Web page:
Would you keep on making your art if no-one gave you any money or recognition for it? For how long?
This is a question I sometimes have to ask my clients.
For more creators than we care to imagine, recognition can take a lifetime to achieve - if it comes at all.
Unfair though it may seem, to be an artist often means you have to love making your art enough to want to keep doing it regardless of the world’s response.
Carmen Herrera, a victim of discrimination?
Carmen Herrera is a woman and she’s Cuban. Neither of these were in her favour when it came to making a success of her art career. As an immigrant into the USA, Herrera faced significant discrimination in the art world.
Yet despite being passed over by galleries as her male peers were being offered shows, Carmen continued to paint regularly and rigorously for her whole life, only rarely exhibiting her work in public.
Her story is just one example of the many great and undiscovered artists whose accomplishments are passed over because of gender, ethnicity, nationality or age.
Carmen Herrera, art spanning continents and movements
Born May 30, 1915 in Havana, Cuba, Carmen Herrera was educated in Havana and Paris where she studied art, art history, and architecture.
Whilst in Paris from 1948 to 1953, Herrera became associated with an international group of artists, the Salon des Réalités Nouvelles and exhibited her work with them regularly.
During this period she developed and refined her style of geometric abstraction, gradually reducing her palette to three colors and then, ultimately, to two.
Ellsworth Kelly, whose time in France overlapped with Herrera’s, began producing his own abstractions in the same period. Frank Stella began producing his famous black paintings around the same time.
Herrera’s disappointing reception in the US
But when financial difficulties forced Herrera and her husband to return to New York in 1954, her hard-edged canvases did not receive a warm reception.
Abstract Expressionism was still the flavour of the moment and it would be almost a decade before the popularity of Minimalism took hold.
But Carmen Herrera was singularly dedicated to her work and she never veered from her particular disciplined, minimalist style.
Throughout the succeeding decades, she continued to produce her radiant, deceptively simple, bi-coloured canvases with their straight lines and geometric shapes.
Undoubtedly it made a big difference that her partner, Jesse Lowenthal, believed in her and always looked for ways to encourage her.
Meanwhile the art world continued to ignore her.
Perhaps, ultimately it was for the good. Carmen admits that the lack of recognition, allowed her to pursue her work in her own way without interference.
The ‘discovery’ of Carmen Herrera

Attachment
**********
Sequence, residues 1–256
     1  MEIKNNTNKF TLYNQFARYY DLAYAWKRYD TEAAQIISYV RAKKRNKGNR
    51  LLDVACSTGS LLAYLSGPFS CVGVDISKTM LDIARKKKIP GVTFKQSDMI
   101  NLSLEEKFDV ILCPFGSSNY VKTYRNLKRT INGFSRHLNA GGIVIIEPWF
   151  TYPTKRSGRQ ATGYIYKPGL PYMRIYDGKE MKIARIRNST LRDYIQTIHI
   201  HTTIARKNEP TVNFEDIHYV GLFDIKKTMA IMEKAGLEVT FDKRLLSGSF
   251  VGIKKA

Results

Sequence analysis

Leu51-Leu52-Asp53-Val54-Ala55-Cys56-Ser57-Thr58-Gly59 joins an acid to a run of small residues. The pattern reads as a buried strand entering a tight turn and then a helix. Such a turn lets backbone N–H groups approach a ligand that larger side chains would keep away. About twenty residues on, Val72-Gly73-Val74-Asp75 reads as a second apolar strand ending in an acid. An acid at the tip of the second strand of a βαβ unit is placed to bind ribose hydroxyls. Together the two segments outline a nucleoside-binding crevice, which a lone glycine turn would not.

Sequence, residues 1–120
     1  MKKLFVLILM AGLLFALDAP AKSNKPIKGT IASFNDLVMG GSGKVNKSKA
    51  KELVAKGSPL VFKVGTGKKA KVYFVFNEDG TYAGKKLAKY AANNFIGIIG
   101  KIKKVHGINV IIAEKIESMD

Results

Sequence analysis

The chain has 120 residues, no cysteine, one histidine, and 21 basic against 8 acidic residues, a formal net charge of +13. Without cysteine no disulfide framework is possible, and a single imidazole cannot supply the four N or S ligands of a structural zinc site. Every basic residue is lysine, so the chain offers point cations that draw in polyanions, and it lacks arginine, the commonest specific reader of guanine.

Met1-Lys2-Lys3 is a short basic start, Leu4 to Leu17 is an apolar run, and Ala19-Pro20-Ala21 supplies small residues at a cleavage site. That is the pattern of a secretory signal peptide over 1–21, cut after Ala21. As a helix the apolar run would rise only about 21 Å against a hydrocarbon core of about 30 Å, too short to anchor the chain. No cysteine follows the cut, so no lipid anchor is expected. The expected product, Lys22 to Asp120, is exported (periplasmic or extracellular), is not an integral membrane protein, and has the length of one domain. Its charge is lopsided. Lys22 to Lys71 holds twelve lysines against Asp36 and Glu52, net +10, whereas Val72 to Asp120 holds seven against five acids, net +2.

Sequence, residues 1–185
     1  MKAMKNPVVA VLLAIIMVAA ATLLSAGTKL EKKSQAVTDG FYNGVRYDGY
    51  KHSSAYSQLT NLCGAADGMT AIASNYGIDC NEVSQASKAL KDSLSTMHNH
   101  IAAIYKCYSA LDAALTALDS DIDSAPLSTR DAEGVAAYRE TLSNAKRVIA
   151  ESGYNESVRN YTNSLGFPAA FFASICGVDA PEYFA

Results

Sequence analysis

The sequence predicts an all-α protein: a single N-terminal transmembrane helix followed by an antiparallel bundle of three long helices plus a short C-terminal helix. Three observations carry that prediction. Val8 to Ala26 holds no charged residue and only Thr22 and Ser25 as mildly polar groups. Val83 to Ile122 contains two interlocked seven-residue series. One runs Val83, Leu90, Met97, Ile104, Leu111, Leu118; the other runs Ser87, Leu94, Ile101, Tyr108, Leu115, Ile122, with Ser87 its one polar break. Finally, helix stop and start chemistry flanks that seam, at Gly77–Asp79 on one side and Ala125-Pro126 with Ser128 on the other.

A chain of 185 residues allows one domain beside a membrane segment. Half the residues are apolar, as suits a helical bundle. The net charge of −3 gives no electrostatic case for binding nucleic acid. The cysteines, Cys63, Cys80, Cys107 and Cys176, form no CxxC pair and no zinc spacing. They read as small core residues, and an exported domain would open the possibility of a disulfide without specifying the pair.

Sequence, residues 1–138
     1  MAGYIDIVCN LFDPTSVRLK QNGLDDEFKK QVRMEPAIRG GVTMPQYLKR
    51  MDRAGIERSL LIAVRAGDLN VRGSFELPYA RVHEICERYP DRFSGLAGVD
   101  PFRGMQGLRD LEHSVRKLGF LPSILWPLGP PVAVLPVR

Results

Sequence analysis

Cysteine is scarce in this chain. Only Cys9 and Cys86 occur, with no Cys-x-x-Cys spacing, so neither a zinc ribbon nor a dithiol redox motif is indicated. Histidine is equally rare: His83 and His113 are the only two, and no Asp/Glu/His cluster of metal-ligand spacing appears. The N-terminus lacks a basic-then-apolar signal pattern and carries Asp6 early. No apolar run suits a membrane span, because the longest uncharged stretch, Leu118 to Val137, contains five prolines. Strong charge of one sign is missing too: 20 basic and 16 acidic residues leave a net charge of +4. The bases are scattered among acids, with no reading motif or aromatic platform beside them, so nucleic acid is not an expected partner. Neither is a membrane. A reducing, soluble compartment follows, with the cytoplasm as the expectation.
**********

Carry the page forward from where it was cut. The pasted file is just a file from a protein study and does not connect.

Finally Carmen Herrera found ‘overnight success’ in her 90’s after seven decades as an artist.
And even then it happened by accident. Her neighbour, close friend and fellow painter, Tony Bechara, recommended her to replace a no-show artist in a group show of Cuban artists at the Frederico Sève Gallery in New York city.
Frederico Sève admits that most galleries want to work with artists under 35. He was as surprised as anyone when, after falling in love with her paintings, he discovered Carmen’s age.
Carmen’s first solo show in Europe was held at the Ikon Gallery in Birmingham, England, in 2009.
The UK’s Observer newspaper called Carmen the “discovery of the decade.”
Since then, major institutions from MoMA to Tate Modern have acquired her paintings. and her work is now acknowledged as a precursor to many modernist styles - minimalism, geometric and modernist abstraction, and concrete painting.
In 2016, when Carmen was 101, the Whitney Museum of Modern Art in New York City mounted a solo exhibit of her works from 1948-1978, Carmen Herrera: Lines of Sight.
Watch an unofficial video of the Lines of Sight exhibition or get access to the award-winning film about Carmen’s life and work via Netflix or Vimeo, or download detailed information about Carmen Herrera in the Lisson Gallery press pack.
Do you love your art that much?
So on the days when the going is tough and you wonder if you made a mistake deciding on the life of an artist, ask yourself,
“Do I really love doing this? Would I carry on doing it regardless of whether anyone ever recognises me or rewards me for it?”
If the answer is yes, (as it is for me!) then please keep on keeping on. Who knows, one day you may be offered a solo show at the Whitney.
If you need help and support in your creative career, why not try a free week’s coaching with me via the chat message service of your choice?